Against Extreme Makeover Home Edition

A while ago, my wife got into the unfortunate habit of watching Desperate Housewives each Sunday night at 9.  (I would always go hide in the other room from 9 to 10.  I used to do a lot of my blogging then.)  This meant that we would both often catch the last five minutes or so of the previous show:  Extreme Makeover, Home Edition.  My strong dislike of Desperate Housewives is as nothing compared to my white-hot hatred of Extreme Makeover.    Those of you who aren’t familiar with this show will need some explanation.  You see, every week the Extreme Makeover crew finds some poor family in need, and it proceeds to publicly humiliate the father.  Of course, that’s not how the crew see things; as far as they’re concerned, they’re just doing good deeds for the deserving poor by building them houses.  Perhaps the people who watch the show will even think that they must be good people themselves to enjoy watching good deeds being done.

The makers of this show forget one thing that every poor man knows, whatever his education.  Perhaps the Extreme Makeover folks aren’t real men themselves, and so they don’t know what their doing.  More likely, they don’t see poor people as real people with honor and dignity, but only as passive recipients of other peoples’ charity.  In case they belong to the first category, let me explain the code.  Every man knows in his gut that it’s his duty to provide for his wife and kids, and that if he can’t put a roof over their heads, then he’s not a real man.  This isn’t just a moral duty; it’s an absolute duty.  Morality only demands that a man try his best.  An absolute duty demands that he succeed.  Consider the example of a man who, through no fault of his own and despite superhuman effort on his part, cannot support his family or arrange for them to be supported.  Perhaps there’s been some economic or political upheaval, perhaps a drought or other natural calamity.  The father must now watch as his children suffer hunger and cold.  What does he feel?  Pity for them, certainly, but not only this.  He also feels shame.  I’ve failed them, failed my own children.  I am dirt.  Morally, this is an error–the father is not to blame.  Perhaps society is to blame; perhaps no one is.  The father’s shame is unjust, and yet it is glorious.  We admire him for feeling it, and we would find something wrong, something unmanly, in a father who could simply blame society and then feel his conscience clear.  The father’s protector role is also absolute and not merely moral.  To be overpowered and thereby fail to protect one’s family is shameful.

Now some television producers come to the father.  They offer to rescue his family and give them a nice new place.  All they ask in return is to ritually castrate him in front of millions of American viewers.  First, his failure must be abjectly admitted to the audience.  Then, when the new house is done, he has to cry like a woman and tell them how grateful he is.  (This always happens in those sickening last five minutes.  I’m sure it’s part of the prearranged deal.)  What is the father to do?  His duty to see his family sheltered is absolute, so he does the manly thing and publicly sacrifices his manhood for our entertainment.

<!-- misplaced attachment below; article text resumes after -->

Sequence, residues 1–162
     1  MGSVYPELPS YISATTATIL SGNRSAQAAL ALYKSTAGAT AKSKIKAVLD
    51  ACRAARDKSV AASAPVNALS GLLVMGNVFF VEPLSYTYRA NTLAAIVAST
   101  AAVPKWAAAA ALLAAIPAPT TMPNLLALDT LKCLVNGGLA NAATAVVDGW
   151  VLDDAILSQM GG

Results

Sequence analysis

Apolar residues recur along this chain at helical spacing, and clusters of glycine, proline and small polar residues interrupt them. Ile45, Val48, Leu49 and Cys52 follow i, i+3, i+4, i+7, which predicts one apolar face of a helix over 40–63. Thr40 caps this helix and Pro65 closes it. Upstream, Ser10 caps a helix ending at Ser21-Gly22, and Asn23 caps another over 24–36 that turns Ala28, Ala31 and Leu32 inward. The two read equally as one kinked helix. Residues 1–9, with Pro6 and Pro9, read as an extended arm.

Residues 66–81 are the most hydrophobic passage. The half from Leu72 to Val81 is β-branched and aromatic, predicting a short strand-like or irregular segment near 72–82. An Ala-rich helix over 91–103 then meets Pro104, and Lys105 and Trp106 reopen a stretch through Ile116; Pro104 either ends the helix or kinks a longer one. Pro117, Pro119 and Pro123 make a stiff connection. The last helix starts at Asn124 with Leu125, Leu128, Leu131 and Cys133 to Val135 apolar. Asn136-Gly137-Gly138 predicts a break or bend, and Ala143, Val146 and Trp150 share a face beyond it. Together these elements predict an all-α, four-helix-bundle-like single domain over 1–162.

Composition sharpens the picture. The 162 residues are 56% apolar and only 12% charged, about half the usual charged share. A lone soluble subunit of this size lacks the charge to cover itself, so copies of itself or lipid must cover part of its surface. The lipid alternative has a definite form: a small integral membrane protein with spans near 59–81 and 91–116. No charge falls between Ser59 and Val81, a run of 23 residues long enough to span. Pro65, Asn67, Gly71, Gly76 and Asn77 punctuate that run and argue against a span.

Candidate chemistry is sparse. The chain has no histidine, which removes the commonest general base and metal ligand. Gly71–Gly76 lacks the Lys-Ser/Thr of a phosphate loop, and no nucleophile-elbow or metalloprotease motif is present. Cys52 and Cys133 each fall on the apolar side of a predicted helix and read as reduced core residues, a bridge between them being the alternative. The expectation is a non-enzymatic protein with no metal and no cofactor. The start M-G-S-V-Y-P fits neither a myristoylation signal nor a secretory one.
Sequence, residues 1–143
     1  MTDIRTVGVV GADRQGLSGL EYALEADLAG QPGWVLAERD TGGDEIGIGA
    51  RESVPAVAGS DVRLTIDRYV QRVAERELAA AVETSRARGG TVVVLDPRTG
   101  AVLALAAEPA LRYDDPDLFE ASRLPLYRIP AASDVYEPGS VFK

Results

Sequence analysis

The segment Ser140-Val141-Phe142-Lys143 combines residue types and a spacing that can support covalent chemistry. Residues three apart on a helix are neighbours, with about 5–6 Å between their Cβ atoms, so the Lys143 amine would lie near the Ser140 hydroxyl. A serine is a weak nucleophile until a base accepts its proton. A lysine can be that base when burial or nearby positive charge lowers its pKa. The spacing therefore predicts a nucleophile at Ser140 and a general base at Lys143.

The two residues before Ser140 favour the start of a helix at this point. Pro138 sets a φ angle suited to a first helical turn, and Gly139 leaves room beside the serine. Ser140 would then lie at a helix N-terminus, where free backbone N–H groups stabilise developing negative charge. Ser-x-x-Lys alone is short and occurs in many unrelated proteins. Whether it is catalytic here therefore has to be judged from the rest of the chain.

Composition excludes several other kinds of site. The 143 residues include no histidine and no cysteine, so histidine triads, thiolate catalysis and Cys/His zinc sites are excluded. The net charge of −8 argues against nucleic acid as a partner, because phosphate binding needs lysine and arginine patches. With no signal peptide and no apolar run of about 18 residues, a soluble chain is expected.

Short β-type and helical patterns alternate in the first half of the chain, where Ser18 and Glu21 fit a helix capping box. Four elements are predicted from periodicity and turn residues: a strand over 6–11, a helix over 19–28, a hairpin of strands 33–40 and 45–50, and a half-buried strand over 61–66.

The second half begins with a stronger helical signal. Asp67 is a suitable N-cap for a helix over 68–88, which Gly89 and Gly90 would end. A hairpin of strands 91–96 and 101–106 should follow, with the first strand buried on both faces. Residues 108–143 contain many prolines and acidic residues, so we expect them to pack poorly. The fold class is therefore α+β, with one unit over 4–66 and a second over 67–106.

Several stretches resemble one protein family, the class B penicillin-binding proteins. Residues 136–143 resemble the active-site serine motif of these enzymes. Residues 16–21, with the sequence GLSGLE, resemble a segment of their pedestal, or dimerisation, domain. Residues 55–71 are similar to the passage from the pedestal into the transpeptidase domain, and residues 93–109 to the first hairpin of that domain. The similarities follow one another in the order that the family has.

Our Lord tells us to be discreet in our good works.  Partly, this is for our own good, to keep them from becoming means for us to advertise our own virtue.  Partly, it also reflects a concern for the feelings of the recipients of our charity.  Dependency itself is, as I’ve said many times, not evil and not shameful.  Sometimes a small-scale dependency network is overwhelmed, as in this case of a father who can’t support his family.  This is always a misfortune.  In such cases, the larger society must intervene, but it must do so as quietly and unobtrusively as possible.  Quitely give your poor neighbor money or supplies, but never do it in front of his children.  Let him still be in their eyes the breadwinner he should be and would be in a just world.  Have a thought for his own feelings as well.  If he wants to call your gift a “loan”, even though you know you’ll never see that money again, let him.  The pain he feels over accepting “hand-outs” does him credit; it shows that he still sees himself as a father, a bearer of absolute duties, and not the passive victim of society to which Marxist belief would reduce him.

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